The Trademark Modernization Act of 2020 Provides Significant Benefits to Trademark Owners

The Trademark Modernization Act of 2020 (“TMA”) — signed into law by President Trump on December 27, 2020 as part of the COVID-19 relief and government funding package — provides trademark owners with several significant benefits.

The legislation makes it easier for a trademark owner to obtain injunctive relief against an infringer. Courts have required that, to obtain an injunction against an infringer, the trademark owner must prove that it will be “irreparably harmed” if the infringer is not enjoined from further use of the infringing mark. The TMA provides that a trademark owner who proves infringement will enjoy a legal presumption that the harm caused by continued infringement will be irreparable, thereby increasing the owner’s likelihood of obtaining injunctive relief.

Due to rising concern regarding the proliferation of applications and registrations (particularly emanating from China) for trademarks that are not actually in use in United States commerce, the TMA also calls for the United States Patent and Trademark Office (“USPTO”) to implement new procedures that will allow third parties to more readily challenge pending applications and issued registrations that may be spurious. Under current practice, challenges to pending applications are limited in scope, and challenges to registrations require costly cancellation proceedings. The TMA calls for a broadening of the scope of evidence that a third-party may submit for consideration during examination of a pending application (including evidence of non-use), and a streamlined procedure for challenging issued registrations. These changes will help clear the way for legitimate trademark users to obtain registration of their marks.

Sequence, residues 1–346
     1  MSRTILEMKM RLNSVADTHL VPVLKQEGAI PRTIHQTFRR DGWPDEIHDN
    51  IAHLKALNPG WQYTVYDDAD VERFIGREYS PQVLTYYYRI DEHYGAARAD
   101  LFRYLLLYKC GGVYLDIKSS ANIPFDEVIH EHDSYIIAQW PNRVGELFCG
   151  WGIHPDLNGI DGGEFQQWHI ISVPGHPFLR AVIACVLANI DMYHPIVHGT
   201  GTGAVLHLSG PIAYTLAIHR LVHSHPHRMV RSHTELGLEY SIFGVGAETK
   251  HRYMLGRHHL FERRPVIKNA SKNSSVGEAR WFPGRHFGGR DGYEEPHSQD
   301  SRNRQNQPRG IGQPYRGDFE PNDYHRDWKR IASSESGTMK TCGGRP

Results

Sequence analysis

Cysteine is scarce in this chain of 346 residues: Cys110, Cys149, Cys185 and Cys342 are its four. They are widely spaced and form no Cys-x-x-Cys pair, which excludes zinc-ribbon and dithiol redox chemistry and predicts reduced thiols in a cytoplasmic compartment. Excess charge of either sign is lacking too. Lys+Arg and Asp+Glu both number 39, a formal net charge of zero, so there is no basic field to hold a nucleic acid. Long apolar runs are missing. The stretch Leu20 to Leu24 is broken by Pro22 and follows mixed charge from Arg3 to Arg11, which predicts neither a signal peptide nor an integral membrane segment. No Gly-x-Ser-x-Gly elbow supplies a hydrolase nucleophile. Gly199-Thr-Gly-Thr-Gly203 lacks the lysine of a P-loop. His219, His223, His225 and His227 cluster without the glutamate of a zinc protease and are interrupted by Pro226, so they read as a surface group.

Along the same lines, the TMA requires the Government Accountability Office to conduct a study regarding the problem of false and inaccurate claims of use in trademark applications and registrations, and to report to Congress recommendations based on the results of the study as to any changes to trademark law that will improve the accuracy of the Trademark Register or reduce inaccurate or false claims of use.

In addition to the changes effected by the TMA, the USPTO will implement new and increased fees as of January 2, 2021, including the fee for filing a trademark application, for filing an appeal from a final refusal by the USPTO, and the fees for filing a notice of opposition or petition for cancellation. Fees for filing an appeal brief and for requesting oral argument in an opposition or cancellation proceeding are newly added. In keeping with the focus on clearing the Trademark Register of so-called “deadwood,” the USPTO will charge a fee to a registrant who seeks to maintain or renew a registration and then requests that goods or services be removed from the registration due to non-use.